DThe call for strict regulations was not long in coming when ChatGPT created a buzz around generative artificial intelligence (AI) in the spring. Even Silicon Valley warned of the risk of human “extinction” due to such AI. The European Parliament quickly introduced and adopted in June strict requirements for AI developers who are creative in creating text, images and videos. But now Germany, France and Italy are opposed to each other. In a joint document they speak out against legal regulation.
“We are opposed to the introduction of untested laws and therefore propose to rely initially on mandatory self-regulation through a code of conduct,” said an internal document circulated on Sunday. It can be obtained from FAZ. The Code of Conduct is intended to oblige generative AI manufacturers to create a kind of insert (“model cards”) for their AI. This is intended to ensure a minimum level of transparency and security in accordance with the AI principles of the Hiroshima Process initiated by the G7 countries.
Counterproposal: AI Package Insert
Leaflets must contain “all necessary information to enable one to understand how the model works, its capabilities and limitations.” discrimination and safety testing conducted by independent third parties (“Red Teams”). The document does not directly provide for penalties for violation of requirements. It only says that their introduction may be considered in case of repeated violations.
With the help of a catalog of demands, three states want to influence the ongoing negotiations on the planned EU law on artificial intelligence. Negotiators from the European Parliament, the EU Commission and the Council of Ministers have been trying to find a compromise for several weeks. The Artificial Intelligence Act aims to establish clear rules for the use of artificial intelligence for the first time. European lawmakers want to create a model for the whole world.
An agreement is due to be reached on December 6. Then the final “trilogue” of negotiators is planned. A newspaper from Germany, France and Italy will likely make this task much more difficult. EU parliament negotiators recently broke off talks and defiantly walked out of the chamber after Germany and France opposed generative AI regulation that had previously been seen as agreed among EU institutions. In parliament the new document was called a “declaration of war.” Other member states, including the Spanish presidency of the EU Council, which maintains de facto neutrality and negotiates in the Council of Ministers, are also pushing for strict EU rules on AI.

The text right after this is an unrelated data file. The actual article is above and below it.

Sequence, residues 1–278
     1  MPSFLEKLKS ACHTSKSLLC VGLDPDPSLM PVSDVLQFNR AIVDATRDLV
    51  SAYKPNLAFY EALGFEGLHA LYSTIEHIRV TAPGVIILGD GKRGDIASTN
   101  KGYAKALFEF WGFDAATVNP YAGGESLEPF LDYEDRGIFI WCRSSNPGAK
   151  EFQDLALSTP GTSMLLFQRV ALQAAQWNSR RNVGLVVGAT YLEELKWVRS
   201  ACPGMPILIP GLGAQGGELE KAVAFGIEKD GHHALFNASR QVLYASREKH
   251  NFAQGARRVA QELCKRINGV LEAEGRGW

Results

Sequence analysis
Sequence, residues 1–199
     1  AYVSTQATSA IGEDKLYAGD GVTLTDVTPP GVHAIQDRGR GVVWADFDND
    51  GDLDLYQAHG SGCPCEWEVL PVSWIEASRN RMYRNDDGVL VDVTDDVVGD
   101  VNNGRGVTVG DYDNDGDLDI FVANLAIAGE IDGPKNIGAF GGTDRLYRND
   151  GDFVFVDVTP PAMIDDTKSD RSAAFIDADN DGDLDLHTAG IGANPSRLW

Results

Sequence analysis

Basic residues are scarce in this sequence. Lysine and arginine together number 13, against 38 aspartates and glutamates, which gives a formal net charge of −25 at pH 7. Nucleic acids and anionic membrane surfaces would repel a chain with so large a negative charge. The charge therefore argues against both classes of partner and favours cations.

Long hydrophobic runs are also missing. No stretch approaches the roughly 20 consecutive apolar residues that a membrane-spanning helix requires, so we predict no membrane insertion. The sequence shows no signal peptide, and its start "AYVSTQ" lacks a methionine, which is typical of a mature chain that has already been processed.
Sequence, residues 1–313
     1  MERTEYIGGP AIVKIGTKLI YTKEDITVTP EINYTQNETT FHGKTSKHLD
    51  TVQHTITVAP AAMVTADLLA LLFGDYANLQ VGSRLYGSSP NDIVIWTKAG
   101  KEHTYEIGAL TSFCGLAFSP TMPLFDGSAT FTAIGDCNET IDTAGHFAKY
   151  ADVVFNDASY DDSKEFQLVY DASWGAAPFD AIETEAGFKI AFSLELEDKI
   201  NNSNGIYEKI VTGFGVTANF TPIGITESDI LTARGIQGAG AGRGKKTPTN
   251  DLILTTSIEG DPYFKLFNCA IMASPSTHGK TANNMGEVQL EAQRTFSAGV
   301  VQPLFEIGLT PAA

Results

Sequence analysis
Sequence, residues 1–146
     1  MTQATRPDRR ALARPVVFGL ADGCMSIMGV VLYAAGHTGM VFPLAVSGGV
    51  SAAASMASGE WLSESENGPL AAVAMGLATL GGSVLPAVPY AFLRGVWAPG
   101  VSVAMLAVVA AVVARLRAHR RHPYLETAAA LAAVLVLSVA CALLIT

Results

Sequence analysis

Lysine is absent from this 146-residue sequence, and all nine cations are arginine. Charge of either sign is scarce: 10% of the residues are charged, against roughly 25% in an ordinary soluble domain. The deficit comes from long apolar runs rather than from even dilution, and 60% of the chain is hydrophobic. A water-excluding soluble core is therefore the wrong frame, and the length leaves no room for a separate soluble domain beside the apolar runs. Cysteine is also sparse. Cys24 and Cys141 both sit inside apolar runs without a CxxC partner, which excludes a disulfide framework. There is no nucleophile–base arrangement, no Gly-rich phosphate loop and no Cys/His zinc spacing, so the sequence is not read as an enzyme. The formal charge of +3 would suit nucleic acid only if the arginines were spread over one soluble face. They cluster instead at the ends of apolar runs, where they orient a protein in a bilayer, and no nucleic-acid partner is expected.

France as a driving force for soft regulation
The newspaper’s driving force is France, which wants to establish itself as an AI powerhouse rather than slow down its national AI champions such as Mistral. On Saturday, French Digital Minister Jean-Noël Barrault invited former Open AI CEO ChatGPT developer Sam Altman, now hired by Microsoft, to move to France “where we will intensify our efforts to bring artificial intelligence to serve the common good,” he wrote. Barro at short message service X, formerly Twitter. The EU Parliament also criticized the role of Cédric O, who, as a former digital minister, advocated for AI regulation but is now lobbying for it as a representative of Mistral.
There are differing views within the federal government (not least between the FDP and the Greens) about how carefully AI needs to be regulated. However, Economy Minister Robert Habeck (Greens) had already moved away from strict requirements before Heidelberg startup Aleph Alpha recently raised $500 million from investors to develop its language models to compete with ChatGPT. “We don’t want to regulate the technology, but the possible applications,” Habeck said at the artificial intelligence summit in Bletchley Park, England.
Federal Minister for Digital Technology Volker Wissing (FDP) praised the joint document with almost the same words: “We must regulate applications, not technologies, if we want to play in the world’s top AI league.” The problem is that it is unclear how it will be used. Therefore, unlike “conventional AI”, which is developed for a very specific application, its regulation must also occur independently of the application.
Source: Frantfurter Allgemeine
Elizabeth Gray is a writer at the World Herald News. He covers trending news, and his name appears frequently in online search results for stories covering the latest developments in international politics and business.